Performance Coaching Process
What can you expect? The performance coaching process is a two-phased, eight-step process. As shown in figure 3, the pre-coaching phase consi sts of four steps: (1) identify need and agree on intervention, (2) select external consultant, (3) administer self-assessment, and (4) administer 360-degree assessments. Steps one and two of this phase are initially internally facilitated; the balance of the pre-coaching phase is externally facilitated by a consultant coach.
The coaching phase also consists of four steps: (1) review information and have the "emperor has no clothes" discussion, (2) develop action items, (3) obtain results and benefits, and (4) discuss/feedback and observe/mirror based on the results and benefits, and ensure the gaps and additional opportunities turn into action items. The consultant coach and you, the executive, jointly facilitate this phase.
One of the self-assessment tools often utilized in the pre-coaching phase is the Myers-Briggs Type Indicator (MBTI). MBTI is a framework that yields four separate scores that describe both the nature and relative strength of an individual's preferences for (1) how they go about deriving energy (extroversion/introversion), (2) focusing attention (sensing/intuition), (3) making decisions (thinking/feeling), and (4) orienting to the outside world (judging/perceiving). Based on the combination and direction of the scores, an individual is assigned a "type."
Another self-assessment tool that may be utilized is the Kirton Adaptation Inventory (KAI). KAI is an assessment tool that describes the problem-solving style preference of an individual. High scorers (innovators) tend to take risks and break rules in generating ideas and trying new solutions. Low scorers (adapters) prefer to use proven, reliable methods to solve problems.
A less formal assessment tool includes asking executives to write a few sentences describing how they see their own leadership style, and also how they think other people see their leadership style. The differences or gaps between these two evaluations can be used to establish priorities and develop action plans.
To solicit 360-degree input, subordinates often complete similar assessments. One method can you use to do this is Burke and Coruzzi's empower model, which consists of four characteristics: development, contribution, integration, and satisfaction.
Internal and External Roles
As mentioned above and shown in figure 4, there are "internal" and "external" roles in the performance coaching process. Those "internal" to your company should identify the need, select an external consultant, follow-up results versus goals, hold the executive accountable for the coaching plan and progress, and address multiple executives' needs. While human resources personnel typically fill these internal roles, the board of directors often plays a role, particularly in identifying the need, following up results versus goals, and holding the executive accountable for the coaching plan and progress. Or, you can initiate this process yourself.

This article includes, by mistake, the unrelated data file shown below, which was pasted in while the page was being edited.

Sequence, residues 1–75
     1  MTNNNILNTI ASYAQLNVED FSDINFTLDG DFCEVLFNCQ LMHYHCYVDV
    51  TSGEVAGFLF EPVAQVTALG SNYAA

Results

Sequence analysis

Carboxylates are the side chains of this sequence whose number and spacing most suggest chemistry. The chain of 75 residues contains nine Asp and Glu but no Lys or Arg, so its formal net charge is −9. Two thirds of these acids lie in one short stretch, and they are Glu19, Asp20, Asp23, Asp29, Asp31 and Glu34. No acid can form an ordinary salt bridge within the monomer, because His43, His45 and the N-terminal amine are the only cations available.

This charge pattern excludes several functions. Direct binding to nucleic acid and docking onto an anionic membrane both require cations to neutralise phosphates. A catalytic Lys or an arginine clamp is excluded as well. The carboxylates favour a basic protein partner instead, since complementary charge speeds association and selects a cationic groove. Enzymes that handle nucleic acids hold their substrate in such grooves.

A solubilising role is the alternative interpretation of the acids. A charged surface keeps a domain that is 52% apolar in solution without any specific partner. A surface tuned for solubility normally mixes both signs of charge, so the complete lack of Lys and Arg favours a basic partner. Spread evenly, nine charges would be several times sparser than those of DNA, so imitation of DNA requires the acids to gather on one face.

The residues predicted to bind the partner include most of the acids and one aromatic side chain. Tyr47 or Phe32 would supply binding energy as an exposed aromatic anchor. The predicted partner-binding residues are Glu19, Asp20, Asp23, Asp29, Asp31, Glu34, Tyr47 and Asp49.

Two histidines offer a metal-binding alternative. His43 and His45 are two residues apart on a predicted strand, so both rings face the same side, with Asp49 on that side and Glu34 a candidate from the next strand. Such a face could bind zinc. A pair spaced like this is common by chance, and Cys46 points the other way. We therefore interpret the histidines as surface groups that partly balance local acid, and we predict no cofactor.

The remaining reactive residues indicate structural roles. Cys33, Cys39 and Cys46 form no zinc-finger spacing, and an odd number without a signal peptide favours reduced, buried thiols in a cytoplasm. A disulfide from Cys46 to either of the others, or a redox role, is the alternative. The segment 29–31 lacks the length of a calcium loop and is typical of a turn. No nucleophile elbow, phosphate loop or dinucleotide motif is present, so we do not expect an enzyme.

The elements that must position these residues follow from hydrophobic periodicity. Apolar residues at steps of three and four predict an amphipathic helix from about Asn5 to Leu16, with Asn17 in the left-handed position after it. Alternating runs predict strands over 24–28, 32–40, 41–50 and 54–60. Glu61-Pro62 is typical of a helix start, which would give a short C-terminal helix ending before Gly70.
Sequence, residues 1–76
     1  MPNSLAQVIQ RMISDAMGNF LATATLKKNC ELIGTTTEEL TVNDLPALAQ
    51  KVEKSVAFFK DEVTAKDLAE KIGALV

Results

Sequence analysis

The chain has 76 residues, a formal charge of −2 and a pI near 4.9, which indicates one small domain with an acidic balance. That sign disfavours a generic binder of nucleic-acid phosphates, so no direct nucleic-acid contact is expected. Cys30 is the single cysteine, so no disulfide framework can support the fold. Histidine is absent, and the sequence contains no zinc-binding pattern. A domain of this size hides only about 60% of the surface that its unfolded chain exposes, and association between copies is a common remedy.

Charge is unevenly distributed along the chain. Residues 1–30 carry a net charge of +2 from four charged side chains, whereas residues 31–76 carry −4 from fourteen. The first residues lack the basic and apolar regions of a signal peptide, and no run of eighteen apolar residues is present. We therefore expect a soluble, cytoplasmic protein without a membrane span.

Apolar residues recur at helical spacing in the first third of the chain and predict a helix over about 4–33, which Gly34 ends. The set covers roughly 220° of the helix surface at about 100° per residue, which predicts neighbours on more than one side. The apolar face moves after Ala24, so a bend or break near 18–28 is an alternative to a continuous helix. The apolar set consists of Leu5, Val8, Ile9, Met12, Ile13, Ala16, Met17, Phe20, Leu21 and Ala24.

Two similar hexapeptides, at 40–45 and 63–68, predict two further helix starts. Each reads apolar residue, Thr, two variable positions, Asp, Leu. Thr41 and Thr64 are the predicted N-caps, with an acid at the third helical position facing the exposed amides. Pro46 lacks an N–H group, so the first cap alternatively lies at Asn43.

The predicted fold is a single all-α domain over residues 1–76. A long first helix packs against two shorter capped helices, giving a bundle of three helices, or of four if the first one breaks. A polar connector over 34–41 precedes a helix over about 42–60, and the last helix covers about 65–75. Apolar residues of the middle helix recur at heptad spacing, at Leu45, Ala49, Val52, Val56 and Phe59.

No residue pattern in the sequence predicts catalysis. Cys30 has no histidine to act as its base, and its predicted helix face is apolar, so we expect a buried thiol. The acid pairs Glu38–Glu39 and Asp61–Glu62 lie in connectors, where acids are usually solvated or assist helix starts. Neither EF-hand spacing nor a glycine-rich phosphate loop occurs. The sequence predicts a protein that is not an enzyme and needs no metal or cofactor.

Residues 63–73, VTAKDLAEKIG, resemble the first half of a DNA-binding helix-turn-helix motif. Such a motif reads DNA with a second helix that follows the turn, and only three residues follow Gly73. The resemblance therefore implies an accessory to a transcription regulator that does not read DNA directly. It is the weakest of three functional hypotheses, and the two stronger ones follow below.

Your external consultant's role as the coach starts in the pre-coaching phase with selecting and administering assessment tools, and includes all four coaching steps. You can expect your coach to be an objective, talking partner who can deliver tough messages and maintain confidentiality.
Your coach may use "personality-type" assessment tools; however, the focus of the coaching needs to be on the types of behaviors the executive tends to use, particularly under stress. Types of behaviors are linked to motivation, and motivation is a combination of the need for achievement, affiliation, and power. Simply stated, achievement is the need to do things well, affiliation is the need to maintain interpersonal relationships, and power is need to justify oneself by exercising influence or making impact on others. An assessment tool focused on motivation is the Motivating Needs Profiling Systems (MNPS).
MNPS was developed by David McClelland, refined by George West, and is administered by Andersen Consulting. The tool measures the multiple motivational characteristics within achievement, affiliation, and power on a 1 -to-20 scale. These characteristics are then charted
to provide a motivational map for the executive that provides a basis for a leadership development plan and coaching relationship.
It is important to keep in mind that the coach's role is not to attack or seek to change your personality. The coach should stay focused on the impact of the behaviors utilized, and work with you on how to change and use behaviors for better results.
To Be Continued